Sometimes the smallest interactions can serve as the greatest lessons and reminders in life. We have to pay attention or we may miss them. I’m pretty sure I had one of those today, so I decided to share it with you.
Today one of our customer service team members did a very normal job, on a very normal day, in an entirely normal way.
As she wrapped up her day, I stopped her to say thank you.
This wasn’t a normal thank you in passing like you may offer for someone holding a door or passing a napkin. Rather it was a conscious expression of gratitude. Neither planned nor founded on any particular activity, but just a simple thank you in the spirit of the day in and day out work that she does and the value that she brings to the organization.
Although I hadn’t had many conversations with her, I had noticed over the past few months that she is a consistent performer. Never flashy and hardly outspoken, she brings an old-fashioned strong work ethic that should make any manager happy.
After a brief pause to my expression of gratitude she looked up and in a very routine way she responded by saying “for what?”
Quickly I responded, “Thank you for all that you do each and every day.”
She looked at me, with a bit of surprise and said “You’re Welcome.” Then she asked me, “Why are you thanking me for doing my job?”
The first thing that came to my mind is what an unfortunate question to have asked of me. This person has come to work, put her head down and done quality work for years and I could only wonder if she had ever been thanked.
After a momentary pause to reflect and choose my words as I wanted to be certain that my response was sincere, I looked up and said. “What you do for this organization matters. Each day you interact with our most important customers, suppliers, and employees. You act as the face of our organization and you do a great job.”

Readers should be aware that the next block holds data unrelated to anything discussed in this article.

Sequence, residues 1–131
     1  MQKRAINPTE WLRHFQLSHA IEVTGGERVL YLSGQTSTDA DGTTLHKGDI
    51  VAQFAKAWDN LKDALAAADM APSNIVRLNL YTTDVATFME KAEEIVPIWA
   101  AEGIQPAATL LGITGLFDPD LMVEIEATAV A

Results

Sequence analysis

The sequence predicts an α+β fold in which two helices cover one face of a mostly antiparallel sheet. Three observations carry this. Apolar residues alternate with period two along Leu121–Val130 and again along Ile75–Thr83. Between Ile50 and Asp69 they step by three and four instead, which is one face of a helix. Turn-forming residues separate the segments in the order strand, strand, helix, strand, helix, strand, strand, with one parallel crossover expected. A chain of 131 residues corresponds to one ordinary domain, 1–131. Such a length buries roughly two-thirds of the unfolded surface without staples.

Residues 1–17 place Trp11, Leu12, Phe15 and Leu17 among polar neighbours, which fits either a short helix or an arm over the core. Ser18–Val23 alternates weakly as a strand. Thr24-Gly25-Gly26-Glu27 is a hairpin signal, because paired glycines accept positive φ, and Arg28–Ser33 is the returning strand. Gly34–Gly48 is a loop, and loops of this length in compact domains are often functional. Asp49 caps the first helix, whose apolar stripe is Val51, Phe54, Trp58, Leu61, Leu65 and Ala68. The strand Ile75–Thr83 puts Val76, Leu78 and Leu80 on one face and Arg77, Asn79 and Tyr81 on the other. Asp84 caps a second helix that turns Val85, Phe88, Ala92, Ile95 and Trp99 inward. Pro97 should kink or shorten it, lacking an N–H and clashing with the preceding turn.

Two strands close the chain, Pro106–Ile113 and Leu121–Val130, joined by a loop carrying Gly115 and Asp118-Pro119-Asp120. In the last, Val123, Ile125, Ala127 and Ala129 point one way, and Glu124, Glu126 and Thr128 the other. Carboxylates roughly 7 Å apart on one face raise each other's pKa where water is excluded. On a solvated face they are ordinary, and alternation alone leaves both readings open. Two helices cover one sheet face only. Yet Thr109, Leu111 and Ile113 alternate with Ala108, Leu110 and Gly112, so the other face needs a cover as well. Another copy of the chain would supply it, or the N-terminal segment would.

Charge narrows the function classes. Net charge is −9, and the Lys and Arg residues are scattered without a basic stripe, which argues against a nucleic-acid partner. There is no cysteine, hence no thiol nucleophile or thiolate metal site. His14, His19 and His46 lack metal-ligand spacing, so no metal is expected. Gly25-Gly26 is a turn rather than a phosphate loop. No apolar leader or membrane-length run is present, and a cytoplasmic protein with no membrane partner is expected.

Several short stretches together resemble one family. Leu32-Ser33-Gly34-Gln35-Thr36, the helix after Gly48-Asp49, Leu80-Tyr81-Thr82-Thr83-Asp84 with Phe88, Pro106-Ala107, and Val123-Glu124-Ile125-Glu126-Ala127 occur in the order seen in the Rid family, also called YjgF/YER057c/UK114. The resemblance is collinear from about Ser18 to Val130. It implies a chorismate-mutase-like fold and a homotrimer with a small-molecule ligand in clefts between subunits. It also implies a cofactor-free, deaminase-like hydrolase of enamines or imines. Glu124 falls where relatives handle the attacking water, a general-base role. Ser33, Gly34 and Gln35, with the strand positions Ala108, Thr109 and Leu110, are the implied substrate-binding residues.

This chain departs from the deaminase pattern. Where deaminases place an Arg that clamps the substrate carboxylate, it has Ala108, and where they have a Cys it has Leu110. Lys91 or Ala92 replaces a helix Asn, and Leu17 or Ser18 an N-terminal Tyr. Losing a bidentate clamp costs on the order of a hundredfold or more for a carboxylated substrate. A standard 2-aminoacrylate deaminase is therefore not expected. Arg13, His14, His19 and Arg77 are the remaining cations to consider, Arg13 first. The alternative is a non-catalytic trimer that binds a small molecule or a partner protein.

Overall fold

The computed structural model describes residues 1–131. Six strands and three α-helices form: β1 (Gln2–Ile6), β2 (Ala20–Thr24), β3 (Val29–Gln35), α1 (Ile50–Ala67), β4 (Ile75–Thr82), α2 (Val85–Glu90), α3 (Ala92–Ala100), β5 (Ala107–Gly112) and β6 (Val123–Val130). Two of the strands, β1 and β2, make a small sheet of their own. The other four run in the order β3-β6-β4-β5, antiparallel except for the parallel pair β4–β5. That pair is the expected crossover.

She smiled, said “No problem, just doing my job” and started on her way. However as she walked away she stopped and looked back at me and said “Thank you, that means a lot.” Then she continued on her way.
I honestly have no idea whether it really meant a lot, but I could only assume that she was telling the truth. More importantly, it served as a wonderful reminder to me that a small thank you may be one of the greatest ingredients for creating big results.
As business leaders, we sometimes have this sense of satisfaction in the opportunities we create for others. While being proud isn’t something that we should be ashamed of, this satisfaction does needs to be balanced with regular moments of self actualization.
In these moments we must stop, and remember to be thankful for those who give themselves in so many ways to contribute to and share in the success that we set out to create. Again, not a thank you for doing a task, but a sincere expression of gratitude for the investment that they make. An investment of time and intellect. Their service and contribution that helps make our organizations what they are. These are intangibles that cannot be reproduced or replaced by a system, process, or procedure.
Upon taking this moment we must remember to find our way within those regular (and not so regular) interactions to say thank you, and then to make sure that we say it often.